China’s Rising Crush Capacity Portends Stronger Oilseed Imports

The widening gap between China’s crush capacity and current use reflects investors’ confidence in the potential demand for protein meal and vegetable oil. It also implies that oilseed imports, particularly soybeans, could be larger as crushing plants would attempt to optimize their operations.

The crush sector has been expanding almost entirely on imported soybeans, since much of domestic crop is used for food or purchased by the State Reserve. Rising feed production and the greater incorporation of higher-protein ingredients in feed rations have further stimulated expansion. Meanwhile, demand for vegetable oil in food remains insatiable, spurred by steady economic growth, rising incomes, and changing tastes.

With the current forecast of record exportable supplies of soybeans in South America, China could secure the supplies necessary to utilize that additional capacity. However, given that the value in crushing lies primarily with the meal, stronger imports and potential profits would largely depend on the continued strength of demand for meal in the domestic market.

Argentine Soybean Stocks to Hit Unprecedented Levels

Argentine soybean producers continue to build stocks, limiting sales only to amounts necessary to meet current expenses. This has pushed March 2014 carryover to a record of more than 9 million tons. Unless a mechanism becomes available for producers to convert soybeans into assets that can retain their value in the current inflationary environment, limited producer selling is likely to continue.

The absence of large commercial sales has been one of the contributing factors in keeping soybean and meal prices above earlier forecasts. However, as stocks climb, the potential grows for producers to possibly flood the market with soybeans if or when market conditions improve.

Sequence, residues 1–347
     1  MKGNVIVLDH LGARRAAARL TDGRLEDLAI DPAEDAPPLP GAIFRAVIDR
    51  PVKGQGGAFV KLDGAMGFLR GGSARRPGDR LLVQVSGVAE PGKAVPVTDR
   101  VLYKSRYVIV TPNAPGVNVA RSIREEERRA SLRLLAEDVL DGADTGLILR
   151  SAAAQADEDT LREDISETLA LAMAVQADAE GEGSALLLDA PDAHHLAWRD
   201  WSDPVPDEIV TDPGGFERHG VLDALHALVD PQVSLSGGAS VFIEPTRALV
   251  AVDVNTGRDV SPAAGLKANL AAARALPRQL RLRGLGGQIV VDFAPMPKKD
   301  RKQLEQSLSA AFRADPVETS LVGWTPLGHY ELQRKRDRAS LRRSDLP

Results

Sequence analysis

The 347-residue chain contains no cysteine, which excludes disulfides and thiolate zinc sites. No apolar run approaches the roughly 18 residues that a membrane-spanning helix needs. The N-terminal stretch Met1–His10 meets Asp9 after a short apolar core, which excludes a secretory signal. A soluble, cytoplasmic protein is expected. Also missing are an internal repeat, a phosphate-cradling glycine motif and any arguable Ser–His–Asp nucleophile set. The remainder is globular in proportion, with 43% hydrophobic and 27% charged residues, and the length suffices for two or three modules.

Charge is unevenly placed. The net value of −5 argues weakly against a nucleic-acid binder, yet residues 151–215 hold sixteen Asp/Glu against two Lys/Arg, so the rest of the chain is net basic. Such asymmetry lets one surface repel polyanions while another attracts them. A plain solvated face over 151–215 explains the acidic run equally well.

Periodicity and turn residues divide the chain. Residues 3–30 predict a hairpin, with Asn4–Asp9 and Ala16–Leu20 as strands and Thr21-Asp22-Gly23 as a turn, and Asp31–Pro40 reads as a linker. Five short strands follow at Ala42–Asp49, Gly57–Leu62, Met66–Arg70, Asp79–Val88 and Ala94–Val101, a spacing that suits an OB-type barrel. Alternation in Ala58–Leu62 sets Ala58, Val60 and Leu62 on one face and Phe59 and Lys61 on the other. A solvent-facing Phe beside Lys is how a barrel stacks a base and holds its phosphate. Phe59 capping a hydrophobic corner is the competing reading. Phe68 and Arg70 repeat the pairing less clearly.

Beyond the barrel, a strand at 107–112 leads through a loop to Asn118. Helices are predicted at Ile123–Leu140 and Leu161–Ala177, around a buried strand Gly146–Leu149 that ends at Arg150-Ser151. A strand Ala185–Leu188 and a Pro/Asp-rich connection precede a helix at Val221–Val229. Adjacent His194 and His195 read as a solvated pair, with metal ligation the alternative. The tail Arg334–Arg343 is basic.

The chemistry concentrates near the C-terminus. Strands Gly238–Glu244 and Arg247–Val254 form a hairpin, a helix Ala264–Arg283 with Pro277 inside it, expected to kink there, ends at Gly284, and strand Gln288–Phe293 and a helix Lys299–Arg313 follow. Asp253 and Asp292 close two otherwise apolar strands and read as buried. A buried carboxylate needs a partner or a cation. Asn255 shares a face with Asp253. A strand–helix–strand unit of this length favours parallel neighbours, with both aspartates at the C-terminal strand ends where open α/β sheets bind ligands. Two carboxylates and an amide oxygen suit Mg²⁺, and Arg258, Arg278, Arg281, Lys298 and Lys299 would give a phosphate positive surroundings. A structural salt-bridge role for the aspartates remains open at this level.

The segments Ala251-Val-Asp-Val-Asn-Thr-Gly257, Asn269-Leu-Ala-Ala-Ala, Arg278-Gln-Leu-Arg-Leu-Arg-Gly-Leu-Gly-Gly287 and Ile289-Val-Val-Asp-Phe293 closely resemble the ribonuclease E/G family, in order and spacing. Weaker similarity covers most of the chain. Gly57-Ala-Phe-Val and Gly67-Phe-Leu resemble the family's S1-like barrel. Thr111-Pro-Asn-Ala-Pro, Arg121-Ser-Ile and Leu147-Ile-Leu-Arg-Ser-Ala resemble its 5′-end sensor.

Global soybean production is up with larger crops in Brazil and Paraguay more than offsetting a reduction in Argentina. Soybean trade is changed marginally as larger exports by the United States, Brazil, and Paraguay backfill an Argentine reduction. While the global market has abundant supplies, U.S. supplies remain tight driven by stronger demand from overseas and domestic crushers.
The season average U.S. farm price is raised.


U.S. export bids, FOB Gulf, in January averaged $525 per ton, slightly lower than last month influenced by prospects for record crops in South America. However, tight U.S. domestic supplies continue to support prices.

As of the week ending Jan 30, U.S. soybean commitments (outstanding sales plus accumulated exports) to China totaled 27.7 million tons compared to 20.9 million a year ago. Total commitments to the world are 43.0 million tons, compared to 34.1 million for the same period last year.


• United States

o Soybean exports are up 406,000 tons to 41.1 million on record large sales and shipments to-date, particularly to China. Soybean imports are up 137,000 tons to 817,000 on projected higher imports from Canada.

o Soybean meal exports are up 181,000 tons to 9.9 million reflecting unusually strong foreign demand and lagging Argentine exports.

o Rapeseed imports are raised 125,000 tons to 725,000 on stronger demand for crush.

o Rapeseed oil imports are down 125,000 tons to1.5 million reflecting larger production.

• Argentina

o Soybean exports are slashed 1.7 million tons to 8.0 million on a reduced crop and slower sales to date.

o Soybean meal exports are cut 1.6 million tons to 27.3 million on reduced crush.

o Sunflower seed oil exports are down 100,000 tons to 620,000 on reduced crush with a smaller crop.

• Brazil

o Soybean exports are up 1.0 million tons to 45.0 million supported by a larger crop and improved competitiveness.

o Soybean meal exports are up 200,000 tons to 14.0 million boosted by improved competitiveness.

• China’s rapeseed oil imports are up 200,000 tons to 1.3 million to reflect strong shipments by Canada.

• European Union’s soybean meal imports are cut 1.5 million tons to 19.1 million on reduced exportable supplies in Argentina